To avoid having ballast stuck to the sides of the rail or on the tie-tops, after you've applied the dry ballast (I use a paper cup to apply the ballast, squeezing and tapping it as I move it along the track), use a soft 1/2" brush to smooth it out between the ties and along the shoulders of the roadbed. When you've got it arranged to your satisfaction, flip the brush around, and lightly grasp it by the ferrule, laying the handle across the top of the rails. Using your free hand, rapidly tap the handle lightly as you move the brush along the track - the errant ballast on the tops of the ties will "magically" disappear, bouncing into the area between the ties. If you have an area where the track is on a fairly steep "fill", paint the slope with undiluted white glue before applying the ballast or cinder sub-ballast. When you spray with the wet water, the glue will be drawn up into the ballast. When applying ballast around turnouts, keep the level below the tops of the ties, especially in the area where the points move. Don't apply any ballast in the space where the tie-bar is - paint the roadbed grimy black here, as most prototype turnouts are quite greasy in this area. After the dry ballast has been levelled, and you've used the brush "trick" to clean the ties of ballast, but before applying the "wet" water, apply some LaBelle plastic compatible oil to the tie tops over which the points move, then flip them back and forth several times to spread the oil. Park the points in mid-throw before applying the glue mixture - this will further help in avoiding having them stuck in place.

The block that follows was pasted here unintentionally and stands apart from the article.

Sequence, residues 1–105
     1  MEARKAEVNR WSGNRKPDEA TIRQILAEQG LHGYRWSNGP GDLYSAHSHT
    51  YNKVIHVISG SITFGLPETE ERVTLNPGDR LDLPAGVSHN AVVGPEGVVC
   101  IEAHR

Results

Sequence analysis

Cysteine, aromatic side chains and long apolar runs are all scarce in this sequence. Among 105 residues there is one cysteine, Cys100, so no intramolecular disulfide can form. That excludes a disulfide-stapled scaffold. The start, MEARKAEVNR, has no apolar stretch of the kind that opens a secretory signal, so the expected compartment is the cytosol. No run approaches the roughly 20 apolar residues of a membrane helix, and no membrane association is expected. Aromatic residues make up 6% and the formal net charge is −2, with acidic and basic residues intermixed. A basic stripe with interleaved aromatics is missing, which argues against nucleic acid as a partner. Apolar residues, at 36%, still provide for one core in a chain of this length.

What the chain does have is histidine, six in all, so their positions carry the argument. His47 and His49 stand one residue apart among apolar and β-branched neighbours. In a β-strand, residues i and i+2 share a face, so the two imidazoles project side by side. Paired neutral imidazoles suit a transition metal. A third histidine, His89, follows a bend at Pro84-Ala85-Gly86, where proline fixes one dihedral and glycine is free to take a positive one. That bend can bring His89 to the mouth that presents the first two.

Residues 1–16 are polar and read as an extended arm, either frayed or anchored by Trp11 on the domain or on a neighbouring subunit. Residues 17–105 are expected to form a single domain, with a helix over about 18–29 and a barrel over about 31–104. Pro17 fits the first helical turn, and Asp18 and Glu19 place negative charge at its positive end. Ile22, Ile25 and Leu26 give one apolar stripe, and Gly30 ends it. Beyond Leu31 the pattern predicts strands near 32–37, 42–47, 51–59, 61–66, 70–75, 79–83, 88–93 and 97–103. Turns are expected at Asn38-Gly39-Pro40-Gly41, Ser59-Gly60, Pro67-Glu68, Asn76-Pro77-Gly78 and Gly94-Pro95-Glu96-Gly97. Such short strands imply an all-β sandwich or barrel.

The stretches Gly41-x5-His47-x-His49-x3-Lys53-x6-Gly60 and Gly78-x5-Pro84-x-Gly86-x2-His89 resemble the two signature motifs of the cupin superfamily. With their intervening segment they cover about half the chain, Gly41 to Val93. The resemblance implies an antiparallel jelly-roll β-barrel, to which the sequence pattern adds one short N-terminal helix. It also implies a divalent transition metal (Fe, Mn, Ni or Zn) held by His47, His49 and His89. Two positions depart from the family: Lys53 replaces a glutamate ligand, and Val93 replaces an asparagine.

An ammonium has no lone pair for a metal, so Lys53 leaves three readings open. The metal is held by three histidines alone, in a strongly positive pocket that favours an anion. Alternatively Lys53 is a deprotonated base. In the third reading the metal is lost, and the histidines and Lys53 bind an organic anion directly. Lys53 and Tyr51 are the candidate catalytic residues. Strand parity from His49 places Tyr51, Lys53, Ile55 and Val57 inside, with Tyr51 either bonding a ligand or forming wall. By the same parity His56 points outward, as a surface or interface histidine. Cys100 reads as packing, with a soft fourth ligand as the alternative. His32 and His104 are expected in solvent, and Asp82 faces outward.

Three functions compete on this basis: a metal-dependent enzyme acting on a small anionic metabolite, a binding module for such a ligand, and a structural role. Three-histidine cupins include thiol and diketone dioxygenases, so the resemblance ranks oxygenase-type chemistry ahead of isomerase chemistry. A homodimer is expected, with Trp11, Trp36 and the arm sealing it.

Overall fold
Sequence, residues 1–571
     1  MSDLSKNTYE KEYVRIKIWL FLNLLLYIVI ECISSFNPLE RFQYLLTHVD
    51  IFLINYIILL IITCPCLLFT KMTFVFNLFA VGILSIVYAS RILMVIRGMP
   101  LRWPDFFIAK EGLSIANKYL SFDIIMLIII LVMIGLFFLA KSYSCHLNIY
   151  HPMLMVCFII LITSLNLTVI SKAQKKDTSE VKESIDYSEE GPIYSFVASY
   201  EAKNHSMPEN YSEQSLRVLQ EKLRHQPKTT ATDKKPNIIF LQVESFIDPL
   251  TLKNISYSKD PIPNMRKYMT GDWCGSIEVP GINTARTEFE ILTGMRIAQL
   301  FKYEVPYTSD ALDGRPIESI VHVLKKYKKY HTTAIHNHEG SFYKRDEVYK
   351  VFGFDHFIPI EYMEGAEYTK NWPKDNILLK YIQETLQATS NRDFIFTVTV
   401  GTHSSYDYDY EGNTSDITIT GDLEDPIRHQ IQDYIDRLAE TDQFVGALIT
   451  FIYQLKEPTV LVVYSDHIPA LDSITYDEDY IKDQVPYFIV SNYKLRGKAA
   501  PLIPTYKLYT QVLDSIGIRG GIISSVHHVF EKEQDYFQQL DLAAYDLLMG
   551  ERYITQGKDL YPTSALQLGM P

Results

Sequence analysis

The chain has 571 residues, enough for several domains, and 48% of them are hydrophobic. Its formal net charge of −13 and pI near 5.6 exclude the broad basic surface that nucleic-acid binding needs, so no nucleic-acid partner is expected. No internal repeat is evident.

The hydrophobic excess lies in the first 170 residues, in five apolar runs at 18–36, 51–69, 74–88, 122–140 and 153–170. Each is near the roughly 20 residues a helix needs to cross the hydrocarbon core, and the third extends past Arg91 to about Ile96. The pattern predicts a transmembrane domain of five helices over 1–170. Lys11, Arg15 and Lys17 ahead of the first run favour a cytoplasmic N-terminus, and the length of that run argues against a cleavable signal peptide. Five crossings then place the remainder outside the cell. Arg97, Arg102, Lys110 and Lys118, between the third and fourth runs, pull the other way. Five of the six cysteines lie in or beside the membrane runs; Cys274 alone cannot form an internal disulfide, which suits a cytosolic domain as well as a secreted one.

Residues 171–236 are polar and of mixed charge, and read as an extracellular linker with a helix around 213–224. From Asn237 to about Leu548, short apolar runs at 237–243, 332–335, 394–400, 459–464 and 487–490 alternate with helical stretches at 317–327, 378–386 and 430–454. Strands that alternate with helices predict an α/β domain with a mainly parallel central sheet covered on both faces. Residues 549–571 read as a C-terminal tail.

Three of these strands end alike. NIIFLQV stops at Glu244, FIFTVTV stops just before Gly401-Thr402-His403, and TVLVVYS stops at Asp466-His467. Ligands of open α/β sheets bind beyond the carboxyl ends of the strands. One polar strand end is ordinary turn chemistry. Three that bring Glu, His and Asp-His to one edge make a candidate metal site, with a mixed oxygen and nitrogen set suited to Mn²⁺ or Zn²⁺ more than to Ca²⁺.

I use "wet" water from a sprayer to wet the ballast, as I almost always apply the lineside scenery at the same time as the ballast. Depending on the site, this can extend some distance from the track. One of the most common mistakes when ballasting is to apply too little "wet" water - it has to penetrate right down to the roadbed or scenery base in order for the glue mixture to be drawn in completely. Too little results in the glue staying in the upper layer of ballast, forming a hard crust which isn't securely fastened in place. The first time that you need to vacuum your track area (trust me, the need will eventually arise) you'll be left with the need to re-ballast, too. Because some of my track is on fills of rip-rap and cinders, the amount of water and glue needed can result in drying times of up to a week - there's always pleny of other stuff to do while you wait. Here's a few pictures:
Ballast atop cinders atop coarse rock atop rip-rap - over 1/2" deep in spots:
Another area with the same layering treatment - the field to the left was a lake of glue for a few days
Ballast atop cork on the mainline in the foreground, with cinders, dirt and weeds directly atop the plywood sub-roadbed for the industrial sidings:
Mainline atop cork, with a small amount of rock and cinder fill beneather the ballast:
Ballasted track atop plywood, with cinders, then weeds spread along the edges, to give the illusion of a slightly built-up roadbed - all of the track and ground cover is at the same level, with only the "water" area actually being lower: